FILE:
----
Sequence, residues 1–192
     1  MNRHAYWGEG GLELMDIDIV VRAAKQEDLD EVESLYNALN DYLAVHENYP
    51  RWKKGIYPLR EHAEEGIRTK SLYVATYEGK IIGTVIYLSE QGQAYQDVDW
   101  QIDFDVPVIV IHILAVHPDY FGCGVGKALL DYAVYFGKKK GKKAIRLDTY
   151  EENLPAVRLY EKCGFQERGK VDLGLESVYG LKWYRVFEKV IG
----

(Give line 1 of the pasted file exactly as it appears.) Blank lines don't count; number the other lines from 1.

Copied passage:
Sequence, residues 1–192